Archaeology pops up all over the place in Hardy, to cite a few:
Stonehenge in Tess of the D'Urbervilles ("A band of silver paleness
along the east horizon made even the distant parts of the Great Plain
appear dark and near; and the whole enormous landscape bore that impress
of reserve, taciturnity, and hesitation which is usual just before day.
The eastward pillars and their architraves stood up blackly against the
light, and the great flame-shaped Sun-stone beyond them; and the Stone
of Sacrifice midway. Presently the night wind died out, and the
quivering little pools in the cup-like hollows of the stones lay
Angel Clare makes Tess swear on an ancient cross - the Cross at Hand,
Batcombe Cross ("Of all spots on the bleached and desolate upland this
was the most forlorn. It was so far removed from the charm which is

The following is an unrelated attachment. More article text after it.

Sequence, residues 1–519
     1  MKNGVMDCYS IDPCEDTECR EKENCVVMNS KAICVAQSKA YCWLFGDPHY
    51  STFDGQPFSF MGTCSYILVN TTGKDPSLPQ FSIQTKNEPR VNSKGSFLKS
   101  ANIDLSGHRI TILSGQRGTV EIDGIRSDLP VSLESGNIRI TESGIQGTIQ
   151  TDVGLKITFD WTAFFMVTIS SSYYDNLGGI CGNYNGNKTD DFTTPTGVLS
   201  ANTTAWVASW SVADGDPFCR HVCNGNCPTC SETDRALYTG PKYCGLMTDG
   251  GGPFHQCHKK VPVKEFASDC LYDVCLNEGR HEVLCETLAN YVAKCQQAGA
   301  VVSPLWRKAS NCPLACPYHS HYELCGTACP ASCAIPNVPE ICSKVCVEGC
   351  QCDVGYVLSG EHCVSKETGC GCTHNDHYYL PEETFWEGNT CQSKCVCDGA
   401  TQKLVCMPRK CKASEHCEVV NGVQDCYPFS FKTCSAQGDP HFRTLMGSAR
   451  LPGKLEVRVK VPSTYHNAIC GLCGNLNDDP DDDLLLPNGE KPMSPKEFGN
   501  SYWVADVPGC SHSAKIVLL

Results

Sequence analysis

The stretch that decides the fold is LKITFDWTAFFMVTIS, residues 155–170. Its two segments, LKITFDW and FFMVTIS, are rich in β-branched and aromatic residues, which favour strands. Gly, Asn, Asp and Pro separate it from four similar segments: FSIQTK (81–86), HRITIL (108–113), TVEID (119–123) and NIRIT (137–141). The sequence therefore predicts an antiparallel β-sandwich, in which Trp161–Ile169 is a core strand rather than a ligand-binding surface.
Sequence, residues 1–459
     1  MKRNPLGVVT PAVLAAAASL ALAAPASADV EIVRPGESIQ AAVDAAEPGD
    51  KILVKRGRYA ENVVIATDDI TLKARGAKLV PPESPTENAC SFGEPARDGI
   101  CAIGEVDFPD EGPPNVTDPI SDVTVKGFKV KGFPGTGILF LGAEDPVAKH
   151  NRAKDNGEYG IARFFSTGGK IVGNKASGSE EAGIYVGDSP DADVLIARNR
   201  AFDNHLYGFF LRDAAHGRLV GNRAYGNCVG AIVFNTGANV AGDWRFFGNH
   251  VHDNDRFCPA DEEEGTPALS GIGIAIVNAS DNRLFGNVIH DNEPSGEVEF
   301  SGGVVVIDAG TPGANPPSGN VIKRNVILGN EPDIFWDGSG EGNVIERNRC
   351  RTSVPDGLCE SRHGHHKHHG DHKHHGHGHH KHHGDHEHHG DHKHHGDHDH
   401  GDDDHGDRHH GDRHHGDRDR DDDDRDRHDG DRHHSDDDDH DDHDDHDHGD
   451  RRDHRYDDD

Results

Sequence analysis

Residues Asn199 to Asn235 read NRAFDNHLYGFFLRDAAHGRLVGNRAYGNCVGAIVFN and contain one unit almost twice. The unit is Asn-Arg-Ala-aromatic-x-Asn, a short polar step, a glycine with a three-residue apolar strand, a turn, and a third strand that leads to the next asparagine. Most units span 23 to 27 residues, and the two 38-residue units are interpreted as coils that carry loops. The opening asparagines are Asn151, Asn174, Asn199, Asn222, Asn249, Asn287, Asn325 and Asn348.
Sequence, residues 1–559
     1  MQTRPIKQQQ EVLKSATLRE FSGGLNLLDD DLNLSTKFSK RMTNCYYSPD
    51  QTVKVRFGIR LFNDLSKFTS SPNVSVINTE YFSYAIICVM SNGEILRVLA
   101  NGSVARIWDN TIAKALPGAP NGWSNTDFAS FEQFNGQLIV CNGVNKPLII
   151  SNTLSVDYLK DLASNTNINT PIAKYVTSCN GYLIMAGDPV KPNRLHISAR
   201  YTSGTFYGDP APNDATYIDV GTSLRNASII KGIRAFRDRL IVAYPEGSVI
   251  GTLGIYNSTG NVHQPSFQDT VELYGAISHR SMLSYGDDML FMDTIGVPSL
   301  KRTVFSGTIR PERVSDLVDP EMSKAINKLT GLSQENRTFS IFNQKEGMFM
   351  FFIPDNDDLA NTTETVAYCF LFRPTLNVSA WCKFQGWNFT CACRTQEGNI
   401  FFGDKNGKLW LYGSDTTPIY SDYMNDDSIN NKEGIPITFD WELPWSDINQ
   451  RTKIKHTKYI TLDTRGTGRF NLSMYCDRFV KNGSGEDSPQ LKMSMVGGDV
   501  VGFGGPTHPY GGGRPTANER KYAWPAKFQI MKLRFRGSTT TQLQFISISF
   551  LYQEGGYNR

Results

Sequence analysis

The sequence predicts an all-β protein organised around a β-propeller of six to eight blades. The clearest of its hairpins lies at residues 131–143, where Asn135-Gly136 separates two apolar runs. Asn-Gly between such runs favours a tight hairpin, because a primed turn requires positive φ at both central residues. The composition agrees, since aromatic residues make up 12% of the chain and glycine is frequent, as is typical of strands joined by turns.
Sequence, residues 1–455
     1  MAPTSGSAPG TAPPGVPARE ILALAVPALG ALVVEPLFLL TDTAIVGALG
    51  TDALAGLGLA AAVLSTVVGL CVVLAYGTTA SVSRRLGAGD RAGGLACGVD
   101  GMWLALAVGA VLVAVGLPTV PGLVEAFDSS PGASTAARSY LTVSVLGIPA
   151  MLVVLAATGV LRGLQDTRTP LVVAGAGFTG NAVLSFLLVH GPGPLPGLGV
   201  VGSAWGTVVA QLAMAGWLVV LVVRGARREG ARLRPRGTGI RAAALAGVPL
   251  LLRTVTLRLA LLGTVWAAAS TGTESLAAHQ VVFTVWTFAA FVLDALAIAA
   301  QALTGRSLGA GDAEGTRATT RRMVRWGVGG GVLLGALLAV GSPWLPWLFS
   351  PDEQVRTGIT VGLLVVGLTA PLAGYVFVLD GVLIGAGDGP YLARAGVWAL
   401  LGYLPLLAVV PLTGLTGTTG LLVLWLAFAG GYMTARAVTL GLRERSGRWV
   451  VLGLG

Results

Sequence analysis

sought in landscape by artists and view-lovers as to reach a new kind of
beauty, a negative beauty of tragic tone. The place took its name from a
stone pillar which stood there, a strange rude monolith, from a stratum
unknown in any local quarry, on which was roughly carved a human hand.
Differing accounts were given of its history and purport. Some
authorities stated that a devotional cross had once formed the complete
erection thereon, of which the present relic was but the stump; others
that the stone as it stood was entire, and that it had been fixed there
to mark a boundary or place of meeting. Anyhow, whatever the origin of
the relic, there was and is something sinister, or solemn, according to
mood, in the scene amid which it stands; something tending to impress
the most phlegmatic passer-by.")
The 'Imperial Archaeological Association' visits Corfe Castle aka
Corvsgate Castle in The Hand of Ethelberta, meanwhile the eponymous
heroine visits the ruins: "Accordingly Ethelberta crossed the bridge
over the moat, and rode under the first archway into the outer ward. As
she had expected, not a soul was here. The arrow-slits,
portcullis-grooves, and staircases met her eye as familiar friends, for
in her childhood she had once paid a visit to the spot. Ascending the
green incline and through another arch into the second ward, she still